The first of the book stash that I read was Philosophy of Biology, a compendium of essays edited by Michael Ruse. Predictably, given the editor, who likes "balance," it's a bit of a mixed bag, with great excerpts from Aristotle and Darwin among others, but other stuff that was not so great, at least not to me.
The final section of the book, God and Biology, was a train wreck IMO. It had only three pieces, the first being The Book of Genesis. Er, that's not God and biology, it's God and abiogenesis, and of course it's also mythology. Nothing wrong with that, but if you're going to stick Genesis in there, how about giving it its own section along with four or five other creations myths?
The next piece was by someone named Joe Cain whose credentials are never listed (apparently the books has no "about the authors" section) At first it was quite good, a detailed account of the Scopes trial that included facts I never knew. But from this retelling of the trial the author goes on to draw conclusions about the drawn-out culture wars, suggesting among others that "Nietzsche the militarist" is to blame for these wars, and concluding the essay by asserting that many scientists don't want to mend the cultural rift between their evolutionary science and cultural Christianity. This presupposes of course that the rift can be mended, short of abdicating science.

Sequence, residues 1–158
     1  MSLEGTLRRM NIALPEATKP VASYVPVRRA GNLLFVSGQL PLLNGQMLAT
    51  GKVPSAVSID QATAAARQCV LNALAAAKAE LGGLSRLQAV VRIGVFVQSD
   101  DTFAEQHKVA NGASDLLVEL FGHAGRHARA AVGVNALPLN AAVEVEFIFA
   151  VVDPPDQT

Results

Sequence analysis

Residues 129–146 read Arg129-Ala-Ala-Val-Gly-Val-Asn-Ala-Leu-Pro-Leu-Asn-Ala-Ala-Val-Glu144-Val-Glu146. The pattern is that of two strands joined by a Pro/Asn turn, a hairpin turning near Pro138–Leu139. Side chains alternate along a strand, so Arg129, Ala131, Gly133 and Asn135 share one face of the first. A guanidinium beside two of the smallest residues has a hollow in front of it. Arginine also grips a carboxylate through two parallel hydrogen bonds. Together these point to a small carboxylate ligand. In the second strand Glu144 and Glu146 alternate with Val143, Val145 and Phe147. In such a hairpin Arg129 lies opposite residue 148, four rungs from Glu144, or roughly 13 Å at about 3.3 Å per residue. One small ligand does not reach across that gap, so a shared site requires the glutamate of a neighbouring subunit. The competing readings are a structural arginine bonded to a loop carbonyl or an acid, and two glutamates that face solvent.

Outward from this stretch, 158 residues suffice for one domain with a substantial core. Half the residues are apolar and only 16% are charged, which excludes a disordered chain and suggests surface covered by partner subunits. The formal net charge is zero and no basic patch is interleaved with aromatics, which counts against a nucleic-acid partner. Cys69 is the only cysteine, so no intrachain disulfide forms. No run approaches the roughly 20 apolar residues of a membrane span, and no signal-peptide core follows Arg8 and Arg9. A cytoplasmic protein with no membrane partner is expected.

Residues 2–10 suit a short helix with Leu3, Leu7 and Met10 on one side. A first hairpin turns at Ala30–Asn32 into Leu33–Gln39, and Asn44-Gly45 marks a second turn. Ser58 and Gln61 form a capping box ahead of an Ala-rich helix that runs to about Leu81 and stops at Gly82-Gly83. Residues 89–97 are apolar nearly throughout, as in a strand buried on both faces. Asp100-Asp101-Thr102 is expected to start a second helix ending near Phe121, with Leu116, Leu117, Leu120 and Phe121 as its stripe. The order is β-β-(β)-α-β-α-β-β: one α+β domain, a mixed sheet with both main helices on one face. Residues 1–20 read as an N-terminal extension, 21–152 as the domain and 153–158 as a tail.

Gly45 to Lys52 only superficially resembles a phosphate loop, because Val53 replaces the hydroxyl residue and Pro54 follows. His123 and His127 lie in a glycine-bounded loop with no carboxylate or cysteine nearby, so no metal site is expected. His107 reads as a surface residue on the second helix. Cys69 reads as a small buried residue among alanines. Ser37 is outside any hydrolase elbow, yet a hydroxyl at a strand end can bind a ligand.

The final essay is by the Christian theologian John Haught, who not only accepts evolutionary theory but positively revels in it; evolution is not just acceptable under Christianity, he asserts, but is actually entailed by it. Why? It's an example of God's never-ending creativity. Unfortunately, Haught, while he alludes to the pain and suffering among living things, the daily bloodbath that takes place as living things eat other living things, and the fact that 99 percent of species that have ever existed have gone extinct, he never returns to these sad facts to explain how they are consistent with a morally perfect God.
Perhaps Haught is to be commended for trying to reconcile Christianity with evolution, but I think all he really demonstrates is that Christianity, by prodigious contortions and rationalizations, can be made to "fit," at least somewhat, with any version of reality; yet it remains true that the depredations of the natural world are fully consistent with the assumption of metaphysical naturalism, yet need to be rationalized and explained away, accounted for, under the assumption of Christian mythology. That's one of many reasons that one should go with naturalism.